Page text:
I have promised myself numerous times, and have even stated in an interview, that I would post twice a month, no more, no less. That said, I have decided that this January 2019, I will make an exception and post three times. One of the reasons for this is that I have quite an archive of worthy images that is backing up in my cloud storage, impatiently waiting like planes on a runway, to take off into the blogosphere. So, without further ado, here are some images that come from a session in early November, a mix of locations including the Poblenou neighborhood and the more central Paral·lel area. The images speak for themselves, and I’ll save lengthy commentary for the following posts, which will come from this December/January’s visit to New York City. Happy New Year!

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While heading downtown last week, I noticed a stencil portrait by well-known, and frequently-seen-on-this-blog artist Rice. When I ducked into the small street, Carrer Igualada, just off Carrer Bailen, I discovered that there were various stencil portraits all along the wall of this street. Some of them seem to be famous faces. Do you recognize any?

As the winter weather sets in, I took a look back to my holidays in September, which took me to the southernmost tip of the Iberian Peninsula, the seaside town of Tarifa. It is indeed a special place, where the Atlantic and the Mediterranean meet. In the midst of such beauty and tranquility, it would be easy to miss the murals and street art that punctuate the walls along the sea walk. Most of my walks were around sunset, and admittedly, most of my gaze was consumed by each evening’s unique sunset. Below are the shots that managed to distract me from the setting sun.

Barcelona-based Italian artist TVBoy has struck again, this time in three different locations in the center of Barcelona, for his paste-up series entitled “The Monsters of Politics”. The three “monsters” include three of the biggest names in Spanish politics: President and leader of the PSOE (socialist) party Pedro Sanchez, leader of the Ciudadanos (Citizen’s) party Albert Rivera, and leader of the Partido Popular (People’s Party) Pablo Casado. All three are relatively young, charming, and eager to lead Spain out of the current constitutional conflict with Catalonia. All three are also plagued with their own problems, which are depicted in TVBoy’s portraits.

Pedro Sanchez, who became president after a no-confidence vote ousted previous president Mariano Rajoy due to rampant corruption within his Partido Popular, is depicted as a superman, who has the flag of the Second Spanish Republic, rather than the normal “S” for superman. It seems to suggest that while Sanchez is ostensibly a strong figure, he also represents the PSOE (Spanish Socialist Workers’ Party), which is traditionally anti-monarchist. Sanchez, however, much to the chagrin of many party fundamentalists, and many Catalans, seems to be quite comfortable with the current status quo of the constitutional monarchy. He’s also a superhero whose strength depends on some very tenuous coalitions, especially those with Catalan parties in favor of self-determination, a red line that if crossed would be political suicide.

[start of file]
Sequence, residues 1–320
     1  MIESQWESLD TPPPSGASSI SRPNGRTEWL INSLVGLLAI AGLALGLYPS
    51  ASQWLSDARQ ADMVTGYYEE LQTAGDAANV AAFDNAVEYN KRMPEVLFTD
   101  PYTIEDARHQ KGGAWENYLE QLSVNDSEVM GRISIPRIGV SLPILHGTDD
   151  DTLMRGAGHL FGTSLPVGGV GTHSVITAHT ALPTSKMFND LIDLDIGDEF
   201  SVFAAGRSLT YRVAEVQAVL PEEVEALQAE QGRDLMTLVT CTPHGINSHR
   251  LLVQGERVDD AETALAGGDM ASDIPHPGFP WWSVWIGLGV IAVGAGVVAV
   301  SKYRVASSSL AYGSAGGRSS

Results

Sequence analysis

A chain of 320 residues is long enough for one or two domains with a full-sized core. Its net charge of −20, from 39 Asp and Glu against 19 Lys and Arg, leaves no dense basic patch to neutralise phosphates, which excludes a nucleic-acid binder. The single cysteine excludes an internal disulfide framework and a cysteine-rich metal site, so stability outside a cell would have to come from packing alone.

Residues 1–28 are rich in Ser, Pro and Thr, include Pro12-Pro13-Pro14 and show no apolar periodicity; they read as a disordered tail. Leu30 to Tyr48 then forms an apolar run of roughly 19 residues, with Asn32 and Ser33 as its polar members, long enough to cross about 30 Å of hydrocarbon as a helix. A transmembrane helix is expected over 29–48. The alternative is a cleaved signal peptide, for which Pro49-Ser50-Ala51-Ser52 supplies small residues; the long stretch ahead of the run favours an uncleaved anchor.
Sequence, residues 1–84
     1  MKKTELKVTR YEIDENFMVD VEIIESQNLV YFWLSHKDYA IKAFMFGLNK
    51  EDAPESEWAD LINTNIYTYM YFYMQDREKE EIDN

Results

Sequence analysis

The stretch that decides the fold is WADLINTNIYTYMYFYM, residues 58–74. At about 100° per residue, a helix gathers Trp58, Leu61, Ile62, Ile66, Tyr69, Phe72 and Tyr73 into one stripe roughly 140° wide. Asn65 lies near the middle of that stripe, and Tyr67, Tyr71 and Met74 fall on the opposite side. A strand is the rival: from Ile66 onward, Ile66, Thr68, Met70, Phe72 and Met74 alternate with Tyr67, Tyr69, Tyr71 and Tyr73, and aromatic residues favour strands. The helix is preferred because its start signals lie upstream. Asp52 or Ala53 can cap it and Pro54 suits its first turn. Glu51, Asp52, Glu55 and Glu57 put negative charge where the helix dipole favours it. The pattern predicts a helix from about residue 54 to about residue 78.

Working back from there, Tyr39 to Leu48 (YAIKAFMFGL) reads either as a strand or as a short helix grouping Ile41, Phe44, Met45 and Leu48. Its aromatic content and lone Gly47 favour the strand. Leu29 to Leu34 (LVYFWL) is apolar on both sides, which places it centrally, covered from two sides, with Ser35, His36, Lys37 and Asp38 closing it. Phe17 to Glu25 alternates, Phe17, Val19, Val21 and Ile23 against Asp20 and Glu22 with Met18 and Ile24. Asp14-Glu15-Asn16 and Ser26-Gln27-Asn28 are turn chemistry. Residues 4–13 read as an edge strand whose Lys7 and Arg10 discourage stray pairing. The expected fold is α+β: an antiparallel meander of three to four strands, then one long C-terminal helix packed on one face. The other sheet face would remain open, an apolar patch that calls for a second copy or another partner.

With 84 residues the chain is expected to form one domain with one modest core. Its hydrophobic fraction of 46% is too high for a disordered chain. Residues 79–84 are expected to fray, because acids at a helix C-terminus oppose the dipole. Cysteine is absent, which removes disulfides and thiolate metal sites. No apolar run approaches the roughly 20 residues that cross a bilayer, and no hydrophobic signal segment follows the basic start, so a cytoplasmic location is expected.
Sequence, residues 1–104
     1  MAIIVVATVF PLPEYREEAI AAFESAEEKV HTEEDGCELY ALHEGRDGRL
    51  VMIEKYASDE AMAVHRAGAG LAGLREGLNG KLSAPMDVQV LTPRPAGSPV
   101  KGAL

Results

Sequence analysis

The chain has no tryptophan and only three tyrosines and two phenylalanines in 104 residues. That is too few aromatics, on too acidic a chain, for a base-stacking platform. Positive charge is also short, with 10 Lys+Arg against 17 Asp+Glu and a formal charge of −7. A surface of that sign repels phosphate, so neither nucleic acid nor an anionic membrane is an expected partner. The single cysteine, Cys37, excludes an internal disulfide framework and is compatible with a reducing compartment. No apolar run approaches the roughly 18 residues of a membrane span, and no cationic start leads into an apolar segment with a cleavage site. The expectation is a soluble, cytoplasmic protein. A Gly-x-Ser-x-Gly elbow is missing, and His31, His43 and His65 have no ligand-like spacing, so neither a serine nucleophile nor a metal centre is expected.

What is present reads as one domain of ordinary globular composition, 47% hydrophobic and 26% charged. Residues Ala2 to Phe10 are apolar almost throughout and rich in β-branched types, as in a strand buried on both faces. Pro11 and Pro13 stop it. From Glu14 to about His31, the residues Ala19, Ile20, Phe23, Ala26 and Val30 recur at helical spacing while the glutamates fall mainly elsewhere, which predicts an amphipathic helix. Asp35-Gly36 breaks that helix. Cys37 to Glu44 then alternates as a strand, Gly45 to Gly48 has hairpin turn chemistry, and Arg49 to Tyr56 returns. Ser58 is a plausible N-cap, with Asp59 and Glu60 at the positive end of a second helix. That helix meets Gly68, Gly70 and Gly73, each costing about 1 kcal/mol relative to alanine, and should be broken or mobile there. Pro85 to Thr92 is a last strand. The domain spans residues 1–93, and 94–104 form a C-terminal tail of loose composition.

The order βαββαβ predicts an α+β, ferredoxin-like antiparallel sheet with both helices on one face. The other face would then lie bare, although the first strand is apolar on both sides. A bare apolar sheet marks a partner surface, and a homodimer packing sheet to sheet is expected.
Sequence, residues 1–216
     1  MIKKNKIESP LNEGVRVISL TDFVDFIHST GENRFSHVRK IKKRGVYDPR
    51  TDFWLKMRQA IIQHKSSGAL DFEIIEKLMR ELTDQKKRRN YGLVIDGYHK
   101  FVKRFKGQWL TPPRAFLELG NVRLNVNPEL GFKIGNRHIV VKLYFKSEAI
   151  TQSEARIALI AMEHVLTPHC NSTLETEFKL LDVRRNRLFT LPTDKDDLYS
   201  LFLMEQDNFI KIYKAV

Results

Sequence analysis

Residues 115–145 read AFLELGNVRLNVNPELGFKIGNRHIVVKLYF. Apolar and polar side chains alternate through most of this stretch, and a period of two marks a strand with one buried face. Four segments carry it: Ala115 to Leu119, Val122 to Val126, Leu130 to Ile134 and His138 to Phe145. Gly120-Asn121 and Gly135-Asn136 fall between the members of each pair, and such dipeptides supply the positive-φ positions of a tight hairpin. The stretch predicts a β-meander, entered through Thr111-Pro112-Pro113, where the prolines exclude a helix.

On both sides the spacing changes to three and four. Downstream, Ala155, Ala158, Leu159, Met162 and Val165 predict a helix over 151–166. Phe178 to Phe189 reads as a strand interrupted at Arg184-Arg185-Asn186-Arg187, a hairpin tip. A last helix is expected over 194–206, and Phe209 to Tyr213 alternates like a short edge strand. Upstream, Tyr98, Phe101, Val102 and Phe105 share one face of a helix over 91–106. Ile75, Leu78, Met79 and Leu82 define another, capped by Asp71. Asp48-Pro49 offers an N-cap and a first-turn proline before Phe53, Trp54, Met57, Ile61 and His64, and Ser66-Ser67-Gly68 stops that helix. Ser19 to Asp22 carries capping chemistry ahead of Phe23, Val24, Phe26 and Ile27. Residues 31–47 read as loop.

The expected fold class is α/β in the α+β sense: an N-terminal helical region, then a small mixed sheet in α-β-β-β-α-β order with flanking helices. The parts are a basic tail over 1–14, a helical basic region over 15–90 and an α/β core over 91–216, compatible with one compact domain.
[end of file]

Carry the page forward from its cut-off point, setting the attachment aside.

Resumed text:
Albert Rivera is the leader of the C’s party, which is the youngest of the three political formations. The C’s party started in Barcelona around 2006-7 and seemed to me as a newcomer to be an answer to the rising tide of self-determination sentiments among the population of Catalonia. The party represents itself neither left nor right, and is a member of the neo-liberal ALDE alliance. So, on the surface, they would most likely be considered center-right. However, they are also one of the parties who have come out strongest against the idea of Catalan independence, and as a result have attracted many followers who could best be compared with the alt-right ideology in the US. They have organized several pro-unity rallies in Barcelona, and while the majority of attendees are peaceful, there is almost always a notable presence of alt-right and pro-Franco groups, complete with flags from the Franco dictatorship. Cs have also encouraged followers to “clean” the public space of symbols such as the yellow ribbon, which has become the emblem for freedom for the Catalan leaders who remain in prison without a trial for having organized last October’s independence referendum. Many of the clean up squads have been prone toward violence and confrontation, hence the portrayal of Rivera with the aviator jacket and black boots which is common apparel for the far-right in Spain and other places.

The other character is Pablo Casado, who was recently elected the leader of the People’s Party, which is the establishment center-right party which has formed a part of the two-party system with the socialists since the restoration of democracy after the death of Franco. Casado has inherited a party in crisis, which has been plagued by corruption scandals and is often seen by many as having been too soft on Catalonia during the aforementioned crisis. Casado rose to power by taking a much harder line against Catalonia, a contrast to the softer tone of his predecessor, the ousted Rajoy. However, Casado has two big problems: the PP holds only four seats in the Catalan Parliament, which is not enough to even form their own group, and looks set to lose even more, as conservative voters flee to the “clean” Cs party. The other problem is that Casado has been embroiled in a wider scandal which saw a major Spanish public university “gifting” Master’s degrees to various politicians, and others (including current president Pedro Sanchez) inflating their CVs with weekend seminars which turned into Phds. Casado seems to be in the clear for the moment, but the stain on his image remains, hence TVBoy’s having dressed him in the cap and gown. The fistful of cash would be a nod to the millions in dark money the party is rumored to have paid leaders under the table over the last forty years.

No one really knows how the current crisis will play out, but with the trials of the imprisoned leaders set to start early next year, tensions promise to escalate once again. My personal opinion is that the EU should get involved and mediate a solution, however I doubt that will happen unless things come to a critical boiling point, which is still pretty far off.